Grant: I just like doing it. I find imposing a set of rules on each project protects you from either repeating yourself, or drowning in a sea of endless possibilities. Which sounds very limiting, but is actually very liberating.
For example with the “Love Sport” series the only rule was that all the characters had to be rectangles with no features. As soon as that decision was made the job almost designed itself. With A Morning Stroll it was the rule that each chapter had to be structurally the same and had to be exactly fifty years apart from one another.
Amid: In your short, the people in 1959 seem to be much more aware of their surroundings and considerate of each other, compared to the people in 2009. Your projections into the future are even more bleak. Are you a pessimist about where humanity is headed?
Grant: No, not at all! I think that comes back to the setting down rules. As soon as I decided that each chapter would be set in different time periods, with the same shots, the obvious thing to do was explore the differences between each of them; the most obvious being how the man reacts to seeing a chicken walk down a city street. In 1959 he watches it. In 2009 he records it. It’s not exactly a critique of how we live, just an observation.
Also the fact that there’s a clumsy use of technology is not a pre-curser to the final chapter. That was all about the chicken. It soon became apparent that the chicken and its daily routine was the only constant in an ever changing city. So it made me laugh to think of it as The Ultimate Survivor. So for the last section I wanted to put it in the most challenging (and ridiculous) environment possible. That was my vision of the future for the characters in this film, not my personal vision, which is much more utopian and frankly sick-making.
Amid: The music and sound design in the film is super inventive and adds a whole new layer of emotion and entertainment. I notice that you’ve worked with the same sound person, Nic Gill, on many of your projects. Describe the nature of the collaboration and how he came up with the music and sound for this film?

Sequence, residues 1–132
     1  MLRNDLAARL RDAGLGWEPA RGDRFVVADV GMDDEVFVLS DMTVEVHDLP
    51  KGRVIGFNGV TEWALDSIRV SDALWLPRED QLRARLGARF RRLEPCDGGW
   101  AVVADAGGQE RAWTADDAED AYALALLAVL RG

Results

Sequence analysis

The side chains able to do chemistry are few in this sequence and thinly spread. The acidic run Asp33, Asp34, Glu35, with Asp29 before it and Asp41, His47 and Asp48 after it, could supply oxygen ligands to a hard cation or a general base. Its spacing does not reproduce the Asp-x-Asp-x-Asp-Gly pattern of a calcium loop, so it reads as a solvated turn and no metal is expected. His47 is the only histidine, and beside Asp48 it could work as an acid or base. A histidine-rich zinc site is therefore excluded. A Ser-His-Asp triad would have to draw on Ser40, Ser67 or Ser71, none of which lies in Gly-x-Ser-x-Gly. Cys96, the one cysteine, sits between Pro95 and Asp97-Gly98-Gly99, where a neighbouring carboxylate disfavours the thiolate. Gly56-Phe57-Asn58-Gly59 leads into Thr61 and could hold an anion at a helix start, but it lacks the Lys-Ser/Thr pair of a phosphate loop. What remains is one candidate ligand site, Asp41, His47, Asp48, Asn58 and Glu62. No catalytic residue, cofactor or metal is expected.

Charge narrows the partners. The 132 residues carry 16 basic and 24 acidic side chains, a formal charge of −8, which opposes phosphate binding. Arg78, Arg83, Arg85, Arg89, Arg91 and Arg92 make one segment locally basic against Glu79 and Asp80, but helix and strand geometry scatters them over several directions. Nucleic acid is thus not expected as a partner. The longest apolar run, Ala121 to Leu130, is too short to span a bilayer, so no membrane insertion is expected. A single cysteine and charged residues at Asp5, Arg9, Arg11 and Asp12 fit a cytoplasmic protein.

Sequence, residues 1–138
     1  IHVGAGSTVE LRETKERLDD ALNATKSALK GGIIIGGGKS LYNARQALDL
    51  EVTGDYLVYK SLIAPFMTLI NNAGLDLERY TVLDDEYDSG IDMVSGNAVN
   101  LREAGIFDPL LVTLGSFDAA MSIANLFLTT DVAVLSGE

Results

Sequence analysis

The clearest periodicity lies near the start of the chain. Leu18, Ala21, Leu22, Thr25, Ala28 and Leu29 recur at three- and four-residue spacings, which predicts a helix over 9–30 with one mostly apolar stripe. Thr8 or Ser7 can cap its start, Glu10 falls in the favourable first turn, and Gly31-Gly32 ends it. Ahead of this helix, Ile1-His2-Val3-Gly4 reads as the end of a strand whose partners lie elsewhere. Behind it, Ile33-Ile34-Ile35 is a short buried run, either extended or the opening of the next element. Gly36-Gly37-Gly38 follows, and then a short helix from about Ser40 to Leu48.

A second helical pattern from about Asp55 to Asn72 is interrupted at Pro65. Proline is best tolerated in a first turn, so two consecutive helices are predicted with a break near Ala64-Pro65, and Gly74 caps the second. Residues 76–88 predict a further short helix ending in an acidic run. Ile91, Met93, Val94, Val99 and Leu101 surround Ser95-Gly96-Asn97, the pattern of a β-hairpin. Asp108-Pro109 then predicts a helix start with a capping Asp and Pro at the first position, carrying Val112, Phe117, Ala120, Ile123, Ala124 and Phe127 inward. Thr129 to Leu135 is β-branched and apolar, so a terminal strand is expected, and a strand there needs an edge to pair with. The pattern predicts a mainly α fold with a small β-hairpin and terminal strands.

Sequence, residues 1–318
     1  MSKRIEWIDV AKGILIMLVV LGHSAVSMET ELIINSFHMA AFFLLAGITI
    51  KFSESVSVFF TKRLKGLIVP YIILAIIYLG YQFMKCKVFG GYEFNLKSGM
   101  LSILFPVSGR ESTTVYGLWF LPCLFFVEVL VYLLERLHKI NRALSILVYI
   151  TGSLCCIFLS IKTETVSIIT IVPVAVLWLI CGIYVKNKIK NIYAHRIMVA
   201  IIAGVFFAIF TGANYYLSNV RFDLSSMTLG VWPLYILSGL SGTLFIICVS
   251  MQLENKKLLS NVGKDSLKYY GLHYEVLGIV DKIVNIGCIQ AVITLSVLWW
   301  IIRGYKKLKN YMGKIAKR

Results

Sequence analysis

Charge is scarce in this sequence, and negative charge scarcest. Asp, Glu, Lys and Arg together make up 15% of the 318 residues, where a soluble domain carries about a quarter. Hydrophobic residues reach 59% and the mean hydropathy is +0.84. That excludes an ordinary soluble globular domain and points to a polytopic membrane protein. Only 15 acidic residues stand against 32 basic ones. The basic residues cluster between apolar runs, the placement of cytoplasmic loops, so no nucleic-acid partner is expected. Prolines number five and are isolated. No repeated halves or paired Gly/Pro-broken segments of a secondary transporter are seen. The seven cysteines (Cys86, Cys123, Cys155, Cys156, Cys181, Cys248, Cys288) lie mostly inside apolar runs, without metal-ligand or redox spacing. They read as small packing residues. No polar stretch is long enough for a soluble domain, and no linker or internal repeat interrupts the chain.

Grant: Up to quite recently we worked in the same room together at the studio, so I always had the great fortune of getting his input right from the start of a project. He’s an editor at Studio AKA, but use to be a DJ and works on some really lo-fi equipment to get his sounds. He had to mix the whole film at the studio and got it spot on. We sent it to be professionally mixed and they sent it back saying they didn’t need to because it was spot on.
I’m always amazed at what he comes up with. Originally I wanted to use Aphex Twin’s “Come to Daddy” for the final scene. It’s a really hard, aggressive track; but Nic just went off and came back with this Brazilian carnival track- which was genius and much funnier.
Amid: There’s a phone app featured in your film that looks like a lot of fun. Have you ever considered making that into a real game because I would be the first in line to buy it.
Grant: It’s currently in development discussion with a games company, which is incredible, because when I came up with it I just thought what would be the most distracting and silliest app you could get. Which is maybe the secret, who knows.